By Ranbir Johal
It has been many years since a novel has entranced me from the very first sentence. One from my childhood, is the children’s classic, Anne of Green Gables, another from my youth is Vikram Seth’s A Suitable Boy; and now, another to add to my list is Fauzia Rafiq’s Skeena.
From the very first moment that I began to read it (when picking it up in my friend’s car), Fauzia had transported me into that room in the village where Skeena was having trouble concentrating on her homework due to the noise of the children playing outside. At times it seemed to me that I even became Skeena, seeing what she saw, hearing what she heard, feeling what she felt.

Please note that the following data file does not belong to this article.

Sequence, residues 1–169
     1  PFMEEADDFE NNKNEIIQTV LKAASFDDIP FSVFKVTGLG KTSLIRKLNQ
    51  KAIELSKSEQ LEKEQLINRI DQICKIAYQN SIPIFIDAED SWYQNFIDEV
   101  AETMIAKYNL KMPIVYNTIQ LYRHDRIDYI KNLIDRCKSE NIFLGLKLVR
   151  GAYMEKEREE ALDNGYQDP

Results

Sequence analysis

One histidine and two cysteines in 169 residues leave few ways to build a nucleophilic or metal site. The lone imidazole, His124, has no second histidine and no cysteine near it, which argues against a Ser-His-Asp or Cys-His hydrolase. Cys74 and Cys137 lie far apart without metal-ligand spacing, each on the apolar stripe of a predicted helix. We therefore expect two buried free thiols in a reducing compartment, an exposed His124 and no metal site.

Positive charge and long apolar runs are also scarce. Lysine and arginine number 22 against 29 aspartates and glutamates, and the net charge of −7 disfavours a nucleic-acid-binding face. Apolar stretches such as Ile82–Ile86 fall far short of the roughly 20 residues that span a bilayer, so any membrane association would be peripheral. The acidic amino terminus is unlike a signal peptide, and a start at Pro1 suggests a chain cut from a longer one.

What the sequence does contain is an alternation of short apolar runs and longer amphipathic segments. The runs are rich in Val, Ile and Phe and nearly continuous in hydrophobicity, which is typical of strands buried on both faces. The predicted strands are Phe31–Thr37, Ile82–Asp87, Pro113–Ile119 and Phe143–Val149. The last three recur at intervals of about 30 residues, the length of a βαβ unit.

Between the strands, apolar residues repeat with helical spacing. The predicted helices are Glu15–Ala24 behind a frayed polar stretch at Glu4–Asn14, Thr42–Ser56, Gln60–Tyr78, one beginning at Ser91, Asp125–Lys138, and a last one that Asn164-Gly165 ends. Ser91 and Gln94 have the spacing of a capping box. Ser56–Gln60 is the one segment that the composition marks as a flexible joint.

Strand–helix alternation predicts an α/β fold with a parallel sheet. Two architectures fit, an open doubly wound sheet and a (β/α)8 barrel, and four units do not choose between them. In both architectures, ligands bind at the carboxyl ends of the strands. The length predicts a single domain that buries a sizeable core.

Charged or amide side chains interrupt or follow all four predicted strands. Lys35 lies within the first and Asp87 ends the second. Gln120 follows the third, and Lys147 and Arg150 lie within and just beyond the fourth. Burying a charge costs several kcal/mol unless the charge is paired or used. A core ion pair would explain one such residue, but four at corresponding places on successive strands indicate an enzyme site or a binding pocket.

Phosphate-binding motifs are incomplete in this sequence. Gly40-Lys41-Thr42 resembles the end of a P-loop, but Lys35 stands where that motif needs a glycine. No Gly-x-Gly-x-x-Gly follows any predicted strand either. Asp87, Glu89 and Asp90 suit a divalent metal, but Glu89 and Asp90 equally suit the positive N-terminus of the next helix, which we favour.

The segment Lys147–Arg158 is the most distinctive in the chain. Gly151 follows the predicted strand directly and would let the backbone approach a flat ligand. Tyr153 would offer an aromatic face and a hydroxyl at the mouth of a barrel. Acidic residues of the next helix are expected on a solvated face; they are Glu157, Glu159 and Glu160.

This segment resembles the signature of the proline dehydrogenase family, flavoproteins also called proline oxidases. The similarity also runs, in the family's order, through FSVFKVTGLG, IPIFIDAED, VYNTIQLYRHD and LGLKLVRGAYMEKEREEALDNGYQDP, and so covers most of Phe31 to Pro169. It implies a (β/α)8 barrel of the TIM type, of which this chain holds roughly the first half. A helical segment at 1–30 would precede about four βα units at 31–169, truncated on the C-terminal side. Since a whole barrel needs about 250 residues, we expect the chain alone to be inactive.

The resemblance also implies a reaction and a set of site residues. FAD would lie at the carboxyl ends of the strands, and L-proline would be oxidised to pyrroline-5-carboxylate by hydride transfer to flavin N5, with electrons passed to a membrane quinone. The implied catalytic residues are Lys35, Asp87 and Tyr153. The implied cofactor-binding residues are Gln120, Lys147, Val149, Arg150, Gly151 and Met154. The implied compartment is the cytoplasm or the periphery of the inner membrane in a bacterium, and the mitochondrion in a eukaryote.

This was one of those rare novels that made me neglect my duties at work and at home – leaving all other deadlines and priorities aside as I devoured the novel, journeying with Skeena through her life.
I do wish to give Fauzia’s novel full justice with a written review, but those duties that I neglected while reading Skeena have caught up with me again. I hope this little post will suffice in encouraging everyone to purchase and read this book, until I have time to dedicate to detailed written response to the novel.
– any excuse to reread it!!
First published by Ranbir Johal as a comment on Sadhu Binning’s review of Skeena at Uddari Weblog, July 8, 2011.
Ranbir is a teacher, researcher and a cultural activist working in part with Kwantlen College in Surrey BC. Contact Ranbir at firstname.lastname@example.org